Maternal-Child Microbiome and Impact on Growth and Neurodevelopment in Infants and Children: A Scoping Review

Therese Mathews, Shivdeep S. Hayer, Danae Dinkel, Alyson Hanish, Katrina M. Poppert Cordts, Heather Rasmussen, Tiffany Moore

Research output: Contribution to journalArticlepeer-review

1 Scopus citations


Background: Pathologic changes in the microbiome (dysbiosis) have been implicated in affecting the growth and neurodevelopment of infants and children. There is evidence to suggest that prenatal and postnatal stressors may be a factor in dysbiosis and there is also a growing body of evidence to suggest that interventions may reduce this negative impact. A scoping review was undertaken to identify association between maternal and/or child microbiome with child growth and neurodevelopment. Additionally, intervention studies such as use of nutritional supplementation and its impact on the microbiome, growth and neurodevelopment were reviewed. Methods: An exhaustive literature search identified 654 relevant citations. After review of abstracts, 557 were eliminated, and 97 remained for full text review. We identified and reported on 42 articles which met inclusion criteria. Results: Seven studies examined associations between microbiome and neurodevelopment and 36 studies evaluated anthropometric measurements, most commonly weight, and microbiota relationships. One study evaluated both growth and neurodevelopment and microbiota. Fourteen studies evaluated supplemental nutrients. Preterm, low birth weight (LBW), and very low birth weight (VLBW) infants were most studied. Findings were inconclusive for consistent associations between microbiota and growth and neurodevelopment. Further, there were no consistent conclusive changes with prescribed treatment interventions. Discussion: There is a need for high-quality longitudinal studies evaluating repeated developmental assessment measures using consistent microbial analysis techniques to inform conclusions regarding the association between microbiome and infant and child growth and neurodevelopment. Additional intervention studies that may mitigate dysbiosis are warranted.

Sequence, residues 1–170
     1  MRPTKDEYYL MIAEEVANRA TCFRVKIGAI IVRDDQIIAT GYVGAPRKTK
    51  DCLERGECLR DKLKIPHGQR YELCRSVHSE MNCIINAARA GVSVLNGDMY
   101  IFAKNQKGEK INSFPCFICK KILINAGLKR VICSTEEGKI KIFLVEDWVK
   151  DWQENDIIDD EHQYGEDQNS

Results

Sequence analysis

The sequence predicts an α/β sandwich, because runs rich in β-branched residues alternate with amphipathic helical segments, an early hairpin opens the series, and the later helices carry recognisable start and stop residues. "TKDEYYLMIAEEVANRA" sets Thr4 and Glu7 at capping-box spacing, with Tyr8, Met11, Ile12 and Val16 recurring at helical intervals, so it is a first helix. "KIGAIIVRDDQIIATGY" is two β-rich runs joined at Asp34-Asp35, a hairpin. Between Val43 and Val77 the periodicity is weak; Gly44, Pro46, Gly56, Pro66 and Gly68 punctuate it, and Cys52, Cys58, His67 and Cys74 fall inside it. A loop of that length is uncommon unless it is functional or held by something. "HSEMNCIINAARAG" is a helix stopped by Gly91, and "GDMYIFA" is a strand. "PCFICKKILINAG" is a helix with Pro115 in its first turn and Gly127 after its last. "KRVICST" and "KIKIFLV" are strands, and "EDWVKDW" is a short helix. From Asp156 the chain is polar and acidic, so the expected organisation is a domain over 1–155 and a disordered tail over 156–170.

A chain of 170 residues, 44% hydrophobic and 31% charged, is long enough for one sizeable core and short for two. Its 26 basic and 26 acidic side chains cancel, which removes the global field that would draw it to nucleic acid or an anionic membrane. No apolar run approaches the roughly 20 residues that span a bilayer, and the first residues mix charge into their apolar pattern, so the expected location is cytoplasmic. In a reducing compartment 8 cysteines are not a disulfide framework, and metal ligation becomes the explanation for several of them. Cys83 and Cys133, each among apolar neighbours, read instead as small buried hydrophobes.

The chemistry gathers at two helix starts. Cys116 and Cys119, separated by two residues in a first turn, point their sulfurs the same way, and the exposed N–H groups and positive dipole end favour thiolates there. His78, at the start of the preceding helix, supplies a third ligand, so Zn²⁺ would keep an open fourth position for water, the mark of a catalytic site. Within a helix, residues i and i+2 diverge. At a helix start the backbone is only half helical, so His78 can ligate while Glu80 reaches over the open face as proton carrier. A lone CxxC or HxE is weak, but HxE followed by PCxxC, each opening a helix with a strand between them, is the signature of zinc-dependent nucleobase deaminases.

Original languageEnglish (US)
Pages (from-to)454-468
Number of pages15
JournalBiological Research for Nursing
Issue number3
StatePublished - Jul 2023


  • anthropometric changes
  • maternal-child
  • microbiome
  • neurodevelopment

ASJC Scopus subject areas

  • Research and Theory


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